The Monetary Policy Committee’s unanimous decision to hold the repo rate steady at 5.15% in the December policy meeting took the entire market by surprise, especially as the statement noted that economic activity has weakened further and the output gap remains negative. The decision was likely informed by several reasons, listed below:
*An upward revision to CPI estimate. CPI projection was revised up to 5.1-4.7% range for 2HFY20 (from 3.5-3.7% earlier) and to 4-3.8% range for 1HFY21 (from 3.6% in April-June’20 earlier).
*To wait for complete transmission of the previous rate cut to the weighted average lending rate (WALR). Relative to the 25 bps repo rate cut delivered in early October, the incremental reduction in WALR has only been 15 bps.
*To wait for more information regarding possible counter-cyclical fiscal measures to be announced in next year’s budget.
*To break the dependence of market in expecting a rate cut in every monetary policy on a mechanical basis.
*To implicitly indicate that there could be more announcements (such as “operation twist", outright OMO purchases or some form of troubled asset relief programme, or TARP) outside the RBI policy, which could aid transmission and economic recovery.
Despite the surprise move, we continue to expect further easing in 2020. RBI has revised its growth forecast downward by 110bps for FY20 to 5% (Deutsche Bank’s estimate is also 5%). The central bank has also clearly stated that there is space for additional easing and the current decision should therefore be interpreted as a “temporary pause".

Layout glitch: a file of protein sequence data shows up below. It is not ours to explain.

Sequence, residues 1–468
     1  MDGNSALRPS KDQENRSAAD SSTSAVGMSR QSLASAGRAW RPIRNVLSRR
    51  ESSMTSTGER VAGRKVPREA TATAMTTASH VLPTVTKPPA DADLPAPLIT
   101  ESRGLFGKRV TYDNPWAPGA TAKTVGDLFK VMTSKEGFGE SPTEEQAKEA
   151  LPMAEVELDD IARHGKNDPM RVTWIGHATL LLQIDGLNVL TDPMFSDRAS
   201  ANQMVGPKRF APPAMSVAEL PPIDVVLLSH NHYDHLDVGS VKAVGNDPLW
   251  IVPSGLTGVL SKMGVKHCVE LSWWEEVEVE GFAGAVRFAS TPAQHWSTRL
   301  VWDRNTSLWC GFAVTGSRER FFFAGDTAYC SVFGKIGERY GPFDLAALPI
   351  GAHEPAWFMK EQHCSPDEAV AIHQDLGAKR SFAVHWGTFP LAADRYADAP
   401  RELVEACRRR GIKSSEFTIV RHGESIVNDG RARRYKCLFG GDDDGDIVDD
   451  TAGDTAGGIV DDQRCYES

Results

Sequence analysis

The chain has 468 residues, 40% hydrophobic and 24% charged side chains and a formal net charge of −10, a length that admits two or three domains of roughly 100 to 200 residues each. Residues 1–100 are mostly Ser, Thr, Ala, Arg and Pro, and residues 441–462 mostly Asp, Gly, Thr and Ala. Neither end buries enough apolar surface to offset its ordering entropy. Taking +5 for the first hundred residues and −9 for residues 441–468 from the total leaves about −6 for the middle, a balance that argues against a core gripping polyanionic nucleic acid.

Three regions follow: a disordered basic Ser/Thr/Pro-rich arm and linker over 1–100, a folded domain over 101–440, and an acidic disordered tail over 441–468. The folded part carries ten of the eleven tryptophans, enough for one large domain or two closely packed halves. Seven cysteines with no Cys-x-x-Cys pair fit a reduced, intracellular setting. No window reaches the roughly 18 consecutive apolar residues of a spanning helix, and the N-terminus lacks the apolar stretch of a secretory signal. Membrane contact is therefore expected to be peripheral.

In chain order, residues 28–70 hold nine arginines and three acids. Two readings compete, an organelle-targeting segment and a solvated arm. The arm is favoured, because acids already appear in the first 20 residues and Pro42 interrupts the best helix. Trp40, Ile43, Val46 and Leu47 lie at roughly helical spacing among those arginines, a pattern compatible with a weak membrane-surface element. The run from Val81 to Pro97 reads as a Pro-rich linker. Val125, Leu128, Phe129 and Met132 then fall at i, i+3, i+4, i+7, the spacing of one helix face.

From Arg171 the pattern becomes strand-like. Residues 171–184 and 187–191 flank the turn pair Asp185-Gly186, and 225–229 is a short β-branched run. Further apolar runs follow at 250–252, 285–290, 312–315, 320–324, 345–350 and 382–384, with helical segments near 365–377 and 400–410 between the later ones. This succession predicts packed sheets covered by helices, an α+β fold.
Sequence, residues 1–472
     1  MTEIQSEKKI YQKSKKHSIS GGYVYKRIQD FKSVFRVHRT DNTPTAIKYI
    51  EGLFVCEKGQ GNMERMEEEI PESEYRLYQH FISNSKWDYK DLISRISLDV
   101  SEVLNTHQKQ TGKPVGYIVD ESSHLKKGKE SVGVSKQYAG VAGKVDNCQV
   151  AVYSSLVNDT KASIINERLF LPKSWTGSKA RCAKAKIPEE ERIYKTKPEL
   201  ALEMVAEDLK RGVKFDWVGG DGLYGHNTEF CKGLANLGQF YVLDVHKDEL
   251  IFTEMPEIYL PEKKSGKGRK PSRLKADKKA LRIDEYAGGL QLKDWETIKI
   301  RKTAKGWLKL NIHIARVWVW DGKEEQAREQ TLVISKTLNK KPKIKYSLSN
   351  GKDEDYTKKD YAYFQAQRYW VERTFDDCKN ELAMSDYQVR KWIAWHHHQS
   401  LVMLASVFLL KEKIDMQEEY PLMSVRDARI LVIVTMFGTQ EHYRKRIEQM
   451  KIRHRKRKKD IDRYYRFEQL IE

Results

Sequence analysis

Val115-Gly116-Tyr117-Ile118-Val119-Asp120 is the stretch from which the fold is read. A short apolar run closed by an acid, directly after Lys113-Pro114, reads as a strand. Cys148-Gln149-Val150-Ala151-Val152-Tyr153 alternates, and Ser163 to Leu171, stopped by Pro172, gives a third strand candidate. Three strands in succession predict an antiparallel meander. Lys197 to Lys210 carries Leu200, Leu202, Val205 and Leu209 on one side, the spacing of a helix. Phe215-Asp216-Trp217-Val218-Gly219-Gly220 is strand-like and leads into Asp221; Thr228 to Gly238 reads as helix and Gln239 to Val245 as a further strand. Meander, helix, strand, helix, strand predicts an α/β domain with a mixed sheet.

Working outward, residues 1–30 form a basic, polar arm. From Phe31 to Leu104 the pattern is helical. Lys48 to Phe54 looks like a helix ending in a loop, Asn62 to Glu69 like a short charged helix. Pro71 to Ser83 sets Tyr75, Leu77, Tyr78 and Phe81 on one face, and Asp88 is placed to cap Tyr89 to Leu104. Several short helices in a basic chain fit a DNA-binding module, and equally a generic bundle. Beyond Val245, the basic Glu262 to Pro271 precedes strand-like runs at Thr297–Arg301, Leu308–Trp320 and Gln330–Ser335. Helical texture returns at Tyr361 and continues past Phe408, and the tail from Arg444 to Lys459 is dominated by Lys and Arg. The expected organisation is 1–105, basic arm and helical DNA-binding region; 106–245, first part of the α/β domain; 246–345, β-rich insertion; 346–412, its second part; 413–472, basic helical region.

As per our inflation estimate, we expect CPI to ease toward the 4% target in Q2’20, driven by reversal in vegetable prices over the next few months. Our CPI forecast for the next 12 months is about 4%, while our growth forecast for the next four quarters is about 5.8%. Applying a simple Taylor Rule formula, this implies a terminal repo rate of 4.5%, which we are projecting at this moment.
As far as suggestions regarding “operation twist" and OMO purchases for yield management are concerned, we are not sure whether RBI will like to get directly involved, especially with the recent report on liquidity framework suggesting that the central bank remains cautious about using excessive OMOs, as it can distort the yield curve. If achieving greater transmission is the main objective, then a better way is to aim for a larger dose of repo rate cut. It is with this view, that we have a target of 4.5% terminal repo rate (which can be higher if RBI decides to opt for other unconventional measures).
And as for sequencing of the repo rate cut, February remains a close call. If CPI inflation peaks in November (DB estimate 5.3%) and starts reversing swiftly thereafter, then there is still a case for a rate cut in February. Otherwise, the next 25 bps cut will likely be pushed to April. Next year’s budget, the evolving growth dynamic, and incremental transmission in the next few months will also inform the MPC’s decision about the “right timing" for the next cut. As of now, we are projecting a 25 bps cut in February, followed by another 25 bps and 15 bps reduction in Q2’20 and Q3’20 respectively.
Kaushik Das is chief India economist at Deutsche Bank